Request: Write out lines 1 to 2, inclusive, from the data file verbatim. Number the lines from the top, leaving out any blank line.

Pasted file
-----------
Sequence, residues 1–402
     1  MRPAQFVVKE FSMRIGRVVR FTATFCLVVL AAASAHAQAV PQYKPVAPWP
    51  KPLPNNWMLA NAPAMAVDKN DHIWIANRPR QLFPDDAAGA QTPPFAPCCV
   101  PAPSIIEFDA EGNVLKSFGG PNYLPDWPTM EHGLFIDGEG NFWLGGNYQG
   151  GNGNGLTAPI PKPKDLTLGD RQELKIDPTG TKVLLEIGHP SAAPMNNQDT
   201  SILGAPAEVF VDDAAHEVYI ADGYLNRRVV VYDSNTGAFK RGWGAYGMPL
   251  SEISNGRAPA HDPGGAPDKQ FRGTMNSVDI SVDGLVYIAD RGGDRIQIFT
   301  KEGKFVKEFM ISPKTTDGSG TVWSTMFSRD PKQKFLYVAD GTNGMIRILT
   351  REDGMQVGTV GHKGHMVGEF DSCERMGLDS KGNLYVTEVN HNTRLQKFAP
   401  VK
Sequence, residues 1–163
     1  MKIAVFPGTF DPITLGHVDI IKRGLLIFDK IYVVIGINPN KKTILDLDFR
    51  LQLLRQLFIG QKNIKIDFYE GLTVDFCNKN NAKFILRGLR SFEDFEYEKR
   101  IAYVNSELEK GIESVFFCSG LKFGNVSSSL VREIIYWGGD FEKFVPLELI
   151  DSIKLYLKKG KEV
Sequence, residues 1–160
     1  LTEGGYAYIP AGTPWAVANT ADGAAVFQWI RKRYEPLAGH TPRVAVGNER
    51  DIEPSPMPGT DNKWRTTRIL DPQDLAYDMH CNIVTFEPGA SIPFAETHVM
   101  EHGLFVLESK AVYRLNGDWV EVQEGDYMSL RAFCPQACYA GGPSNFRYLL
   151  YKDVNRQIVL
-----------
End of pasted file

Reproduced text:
Sequence, residues 1–402
     1  MRPAQFVVKE FSMRIGRVVR FTATFCLVVL AAASAHAQAV PQYKPVAPWP